Iodine Food Fact Sheet - British Dietetic Association Download

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Food Fact Sheet
Iodine
This Food Fact Sheet will tell you
more about iodine, its food sources
and how much you need.
What is iodine?
Iodine is a mineral that is important for health. It
is needed to make the thyroid hormones. These
hormones are needed for many body processes
including growth, regulating metabolism and for the
development of a baby’s brain during pregnancy
and early life.
Do we get enough iodine in the
UK?
For many years iodine intake in the UK was
thought to be more than adequate but recent
research has shown mild iodine deficiency in
schoolgirls and pregnant women. There is now
concern that many adult women may not be getting
enough iodine, particularly in pregnancy.
How much iodine do I need?
Life stage
Iodine required per
day (mcg)*
Adults
150
Pregnant women
200
Breastfeeding women
200
*European Food Safety Authority (EFSA) recommendations.
What happens if I do not have
enough iodine?
A low intake of iodine over a long period of time
may cause your thyroid to work harder to keep the
right amount of thyroid hormones in your blood.
This can mean that your thyroid increases in size
in order to trap iodine – this swelling, or “goitre”,
may be visible in your neck. However, visible goitre
due to low iodine intake is rare in the UK. It is more
likely that having too little iodine in your diet may
lead to low levels of thyroid hormones. If you have
a deficiency of iodine when you are pregnant, your
baby’s brain may not develop as well as it could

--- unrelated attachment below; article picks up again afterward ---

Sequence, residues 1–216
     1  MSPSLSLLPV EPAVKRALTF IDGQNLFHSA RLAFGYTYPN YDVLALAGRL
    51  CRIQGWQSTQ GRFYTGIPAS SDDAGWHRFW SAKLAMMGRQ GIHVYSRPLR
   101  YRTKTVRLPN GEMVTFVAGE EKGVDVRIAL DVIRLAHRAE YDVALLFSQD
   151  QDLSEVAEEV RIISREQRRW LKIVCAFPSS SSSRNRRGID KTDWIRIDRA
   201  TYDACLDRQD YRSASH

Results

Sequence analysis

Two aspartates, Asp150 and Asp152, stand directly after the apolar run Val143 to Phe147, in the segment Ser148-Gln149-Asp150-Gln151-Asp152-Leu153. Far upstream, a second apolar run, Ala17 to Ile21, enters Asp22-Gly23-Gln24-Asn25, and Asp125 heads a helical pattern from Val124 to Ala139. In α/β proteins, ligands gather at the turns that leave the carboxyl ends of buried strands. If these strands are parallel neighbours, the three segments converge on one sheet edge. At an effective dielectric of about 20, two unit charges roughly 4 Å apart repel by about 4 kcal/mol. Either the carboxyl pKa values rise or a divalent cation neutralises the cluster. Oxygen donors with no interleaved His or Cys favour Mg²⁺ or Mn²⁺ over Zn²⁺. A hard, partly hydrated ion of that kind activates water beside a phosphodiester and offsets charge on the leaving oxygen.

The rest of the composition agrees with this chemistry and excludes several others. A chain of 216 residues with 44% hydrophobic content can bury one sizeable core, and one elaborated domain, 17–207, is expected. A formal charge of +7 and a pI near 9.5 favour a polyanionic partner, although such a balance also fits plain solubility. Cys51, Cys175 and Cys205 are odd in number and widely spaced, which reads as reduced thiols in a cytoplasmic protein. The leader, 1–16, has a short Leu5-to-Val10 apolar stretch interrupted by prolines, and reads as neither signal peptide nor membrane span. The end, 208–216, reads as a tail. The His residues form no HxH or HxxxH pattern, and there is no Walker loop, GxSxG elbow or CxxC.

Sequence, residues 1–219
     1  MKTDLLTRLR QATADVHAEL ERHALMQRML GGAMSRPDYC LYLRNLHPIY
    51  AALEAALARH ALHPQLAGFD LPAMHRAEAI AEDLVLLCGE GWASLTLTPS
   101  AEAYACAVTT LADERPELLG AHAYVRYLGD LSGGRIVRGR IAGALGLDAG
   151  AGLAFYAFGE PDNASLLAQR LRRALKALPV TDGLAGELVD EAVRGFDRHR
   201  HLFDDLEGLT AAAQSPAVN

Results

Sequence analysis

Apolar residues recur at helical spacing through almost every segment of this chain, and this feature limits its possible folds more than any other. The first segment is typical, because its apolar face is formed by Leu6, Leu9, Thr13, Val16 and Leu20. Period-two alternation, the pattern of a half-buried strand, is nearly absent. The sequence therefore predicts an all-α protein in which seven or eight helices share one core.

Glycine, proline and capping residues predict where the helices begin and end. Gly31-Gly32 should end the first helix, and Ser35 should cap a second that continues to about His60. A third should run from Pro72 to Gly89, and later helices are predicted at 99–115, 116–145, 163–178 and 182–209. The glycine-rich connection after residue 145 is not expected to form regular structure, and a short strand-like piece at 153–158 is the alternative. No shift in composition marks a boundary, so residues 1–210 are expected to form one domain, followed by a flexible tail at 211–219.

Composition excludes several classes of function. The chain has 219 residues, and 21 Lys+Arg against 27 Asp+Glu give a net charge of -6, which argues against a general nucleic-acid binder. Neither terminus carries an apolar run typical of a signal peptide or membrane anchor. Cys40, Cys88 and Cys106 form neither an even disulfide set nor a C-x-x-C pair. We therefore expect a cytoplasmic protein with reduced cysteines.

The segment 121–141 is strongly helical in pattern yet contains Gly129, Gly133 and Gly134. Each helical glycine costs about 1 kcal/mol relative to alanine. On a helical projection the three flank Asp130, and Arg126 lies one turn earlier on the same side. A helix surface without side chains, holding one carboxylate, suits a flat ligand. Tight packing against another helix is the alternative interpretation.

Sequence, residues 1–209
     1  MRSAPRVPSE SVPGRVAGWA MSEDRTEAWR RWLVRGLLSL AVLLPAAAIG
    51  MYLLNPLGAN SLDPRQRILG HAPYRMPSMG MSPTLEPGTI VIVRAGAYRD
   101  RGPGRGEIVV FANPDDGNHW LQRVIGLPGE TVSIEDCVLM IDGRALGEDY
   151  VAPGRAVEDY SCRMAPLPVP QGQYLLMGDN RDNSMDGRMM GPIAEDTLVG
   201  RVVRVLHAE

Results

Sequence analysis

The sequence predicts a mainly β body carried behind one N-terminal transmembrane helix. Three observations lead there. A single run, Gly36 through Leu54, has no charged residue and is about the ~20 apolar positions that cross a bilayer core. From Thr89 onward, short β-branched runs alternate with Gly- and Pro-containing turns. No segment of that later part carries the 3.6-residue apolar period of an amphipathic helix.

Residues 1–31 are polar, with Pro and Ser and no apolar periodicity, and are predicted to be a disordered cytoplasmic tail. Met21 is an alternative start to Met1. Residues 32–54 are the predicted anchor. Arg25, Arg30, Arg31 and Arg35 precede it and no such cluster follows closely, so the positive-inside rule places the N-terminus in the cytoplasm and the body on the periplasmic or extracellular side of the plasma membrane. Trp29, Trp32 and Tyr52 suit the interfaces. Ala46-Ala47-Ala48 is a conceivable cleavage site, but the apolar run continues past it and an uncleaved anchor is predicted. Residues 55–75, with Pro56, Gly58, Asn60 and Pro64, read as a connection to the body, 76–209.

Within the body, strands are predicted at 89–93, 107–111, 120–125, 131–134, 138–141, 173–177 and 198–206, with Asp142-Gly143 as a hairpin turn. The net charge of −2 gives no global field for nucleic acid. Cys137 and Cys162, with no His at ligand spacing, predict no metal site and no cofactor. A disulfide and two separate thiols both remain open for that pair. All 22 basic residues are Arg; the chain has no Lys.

and this could affect your child’s ability to learn in
later years,for instance, lower IQ or poorer reading
ability.
Before and during pregnancy and
breastfeeding
As iodine is required from the early stages of
pregnancy, you should make sure you have been
having enough iodine in your diet for several
months before you get pregnant. This is because
you can build up good stores of iodine in your
thyroid before you become pregnant which helps it
to function well during pregnancy. Therefore if you
are of childbearing age, and especially if you are
planning a pregnancy, you should ensure that you
meet the adult requirement for iodine.
During pregnancy, the amount of iodine you need
increases. This is because you have to make
sufficient thyroid hormones to transfer to your
baby to help its brain develop correctly. You also
have to supply all the iodine that the baby needs.
Iodine deficiency in pregnancy may have serious
consequences for your child so it is very important
that you meet that higher iodine requirement if
you are pregnant. Breastfeeding mums still need
a higher amount of iodine, so their breast milk has
enough iodine for their baby. This is because the
brain is still developing at that early stage.
Where is iodine found in the diet?
Iodine is found in a range of foods, the richest
sources being fish and dairy products. Seaweed is
a concentrated source of iodine, but it can provide
excessive amounts (particularly so in the case
of brown seaweed such as kelp) and therefore
eating seaweed more than once a week is not
recommended, especially during pregnancy.
White fish contains more iodine than oily fish.
www.bda.uk.com/foodfacts
Milk and dairy products are the main sources of
iodine for most people. Research in the UK has
shown that organic milk has a 35-40% lower iodine
content than conventional milk.
In many countries, iodine is added to table salt
to give “iodised salt”. Iodised salt is not widely
available in the UK but can be found in some
branches of several supermarket chains. As
government recommendations are to reduce salt
intake for health reasons, you should not rely on
iodised table salt as a means of increasing your
iodine intake.
The actual amount of iodine in food varies